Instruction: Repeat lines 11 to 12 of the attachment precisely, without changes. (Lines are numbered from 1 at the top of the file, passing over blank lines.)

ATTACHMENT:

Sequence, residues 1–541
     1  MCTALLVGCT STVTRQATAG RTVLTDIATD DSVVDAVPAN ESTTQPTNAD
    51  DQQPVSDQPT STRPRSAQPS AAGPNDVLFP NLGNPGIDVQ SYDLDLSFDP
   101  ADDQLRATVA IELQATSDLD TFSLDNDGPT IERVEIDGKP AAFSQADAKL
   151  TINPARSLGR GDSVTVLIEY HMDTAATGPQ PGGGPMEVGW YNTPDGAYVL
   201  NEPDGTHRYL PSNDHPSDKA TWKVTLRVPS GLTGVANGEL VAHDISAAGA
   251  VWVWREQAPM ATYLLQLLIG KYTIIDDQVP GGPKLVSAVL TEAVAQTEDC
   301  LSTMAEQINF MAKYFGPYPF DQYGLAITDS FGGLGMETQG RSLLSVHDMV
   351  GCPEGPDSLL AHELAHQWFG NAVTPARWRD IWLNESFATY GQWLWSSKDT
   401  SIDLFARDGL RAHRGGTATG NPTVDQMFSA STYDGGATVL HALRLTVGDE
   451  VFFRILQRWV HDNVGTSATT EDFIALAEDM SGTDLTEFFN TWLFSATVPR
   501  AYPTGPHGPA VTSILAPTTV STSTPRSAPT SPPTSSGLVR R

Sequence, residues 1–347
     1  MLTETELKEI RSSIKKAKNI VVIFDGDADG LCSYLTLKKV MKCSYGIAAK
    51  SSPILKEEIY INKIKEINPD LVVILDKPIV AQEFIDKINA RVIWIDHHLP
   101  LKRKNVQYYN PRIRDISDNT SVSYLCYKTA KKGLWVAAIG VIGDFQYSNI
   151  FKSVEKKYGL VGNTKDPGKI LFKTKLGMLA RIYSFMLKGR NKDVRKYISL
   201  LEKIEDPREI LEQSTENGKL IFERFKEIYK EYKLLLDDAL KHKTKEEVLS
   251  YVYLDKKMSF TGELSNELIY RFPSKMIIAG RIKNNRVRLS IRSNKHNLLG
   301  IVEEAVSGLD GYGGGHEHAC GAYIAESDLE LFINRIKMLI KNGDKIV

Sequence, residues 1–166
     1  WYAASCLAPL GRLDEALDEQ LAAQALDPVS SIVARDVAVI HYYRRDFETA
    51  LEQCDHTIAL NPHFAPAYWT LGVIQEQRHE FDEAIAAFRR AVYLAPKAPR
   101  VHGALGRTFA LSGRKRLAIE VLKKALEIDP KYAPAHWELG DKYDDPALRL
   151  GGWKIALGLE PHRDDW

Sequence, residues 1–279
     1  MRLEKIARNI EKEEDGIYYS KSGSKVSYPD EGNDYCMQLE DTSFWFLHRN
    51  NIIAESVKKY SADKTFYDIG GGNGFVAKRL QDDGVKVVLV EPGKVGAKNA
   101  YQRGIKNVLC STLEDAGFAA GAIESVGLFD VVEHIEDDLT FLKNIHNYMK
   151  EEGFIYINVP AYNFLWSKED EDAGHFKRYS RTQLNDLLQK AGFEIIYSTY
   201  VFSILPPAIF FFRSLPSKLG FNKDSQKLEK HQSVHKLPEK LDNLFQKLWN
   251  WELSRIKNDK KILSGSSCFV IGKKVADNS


   451  VFFRILQRWV HDNVGTSATT EDFIALAEDM SGTDLTEFFN TWLFSATVPR
   501  AYPTGPHGPA VTSILAPTTV STSTPRSAPT SPPTSSGLVR R